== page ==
Last week I watched the fascinating documentary Everything Is Copy, about the life of Nora Ephron. I’ve been trying to track it down since I first heard about it around the time she died and I finally managed to get it downloaded on a friend’s satellite box. In many ways it told me little that I didn’t already know; Nora was an intelligent, fierce, warm, wonderful person who was beloved by many. She was a phenomenal writer and director, not to mention wife, mother, sister and cook.
After watching the film I brought my copy of The Most of Nora Ephron to the top of my reading pile and dived in. Reading pieces, familiar and new, from a lifetime’s body of work was sometimes overwhelming. I realised that I can never hope to match her; I always knew that I would be unable to be as brilliant but the sheer range of production, breadth of topics and work ethic that they demonstrate make her totally unassailable. Yet this doesn’t, oddly, dispirit me. There is something so accessible about her, even now, that means I feel I can keep trying and that will be enough.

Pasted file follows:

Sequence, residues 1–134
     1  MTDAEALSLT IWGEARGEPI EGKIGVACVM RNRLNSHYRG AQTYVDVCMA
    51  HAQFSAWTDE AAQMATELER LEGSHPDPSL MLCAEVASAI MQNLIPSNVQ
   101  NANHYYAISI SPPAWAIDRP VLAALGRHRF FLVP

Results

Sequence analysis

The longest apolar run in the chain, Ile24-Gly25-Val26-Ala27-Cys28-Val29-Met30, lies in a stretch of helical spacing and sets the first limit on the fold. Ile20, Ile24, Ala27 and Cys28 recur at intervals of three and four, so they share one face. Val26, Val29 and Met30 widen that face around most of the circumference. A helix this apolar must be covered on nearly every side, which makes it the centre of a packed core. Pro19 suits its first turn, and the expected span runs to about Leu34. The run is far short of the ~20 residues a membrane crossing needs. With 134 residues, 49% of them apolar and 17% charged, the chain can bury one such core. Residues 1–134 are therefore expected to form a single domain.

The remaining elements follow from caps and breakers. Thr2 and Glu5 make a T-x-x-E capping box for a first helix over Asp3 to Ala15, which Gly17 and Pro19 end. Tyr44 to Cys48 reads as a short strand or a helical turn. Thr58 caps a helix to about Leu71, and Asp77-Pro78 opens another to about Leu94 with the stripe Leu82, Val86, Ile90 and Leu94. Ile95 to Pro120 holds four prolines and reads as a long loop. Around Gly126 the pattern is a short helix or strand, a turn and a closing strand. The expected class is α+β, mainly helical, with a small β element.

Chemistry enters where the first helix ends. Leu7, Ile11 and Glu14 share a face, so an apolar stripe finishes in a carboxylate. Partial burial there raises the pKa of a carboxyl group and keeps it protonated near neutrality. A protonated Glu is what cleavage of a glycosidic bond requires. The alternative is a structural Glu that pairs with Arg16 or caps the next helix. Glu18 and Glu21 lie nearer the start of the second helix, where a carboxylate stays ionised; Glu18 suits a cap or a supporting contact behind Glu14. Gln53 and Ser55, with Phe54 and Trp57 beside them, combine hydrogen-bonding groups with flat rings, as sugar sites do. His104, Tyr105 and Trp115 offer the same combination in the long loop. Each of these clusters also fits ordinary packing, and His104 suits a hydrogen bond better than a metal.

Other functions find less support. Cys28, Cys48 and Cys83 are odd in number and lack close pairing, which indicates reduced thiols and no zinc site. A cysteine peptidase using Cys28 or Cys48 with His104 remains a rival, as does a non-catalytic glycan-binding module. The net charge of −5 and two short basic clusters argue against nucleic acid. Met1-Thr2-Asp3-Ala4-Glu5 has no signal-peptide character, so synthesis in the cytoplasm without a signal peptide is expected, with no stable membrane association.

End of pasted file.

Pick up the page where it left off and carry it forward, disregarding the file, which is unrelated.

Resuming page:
So, why do I adore her work so? Well, firstly, it’s funny. I mean, Woody Allen in the 1970s funny. You may dismiss You’ve Got Mail but remember When Harry Met Sally. She can distil the neurotic oddness of our privileged lives into a pithy statement that both resonates and also causes you to snort tea in laughter. She gets it, and by ‘it’ I mean everything. Her friends say that she had the answer to any question and this seems perfectly logical and correct. Yet you don’t resent her or feel smothered by smugness, because she also makes it clear that this knowledge has been learned from the life school of hard choices. She had been there – she has witnessed or experienced it – and is giving you the notes to help you move on by. She opens herself up to show that she was just as naïve and foolish and hopeful and disappointed as you, and that you too will survive like her.
Because this is the thing that I really adore about Nora – she totally gets that life, especially in the 21st century, is ridiculous and flawed and selfish and awful and hopeless and yet she shows you the little things that can help you to love it. She gives you a sense of hope and optimism in the face of the brutal pointlessness of it all. She shows that you can be both aware and smart but also wilfully naïve and hopeful. You can still wallow in romance whilst dealing with heartbreak. You can worry about your neck whilst feeling helpless about Guantanamo Bay and political tsunamis. She gets, or rather got, life and she helped to show us the way. Thank you, Nora; I will always adore you.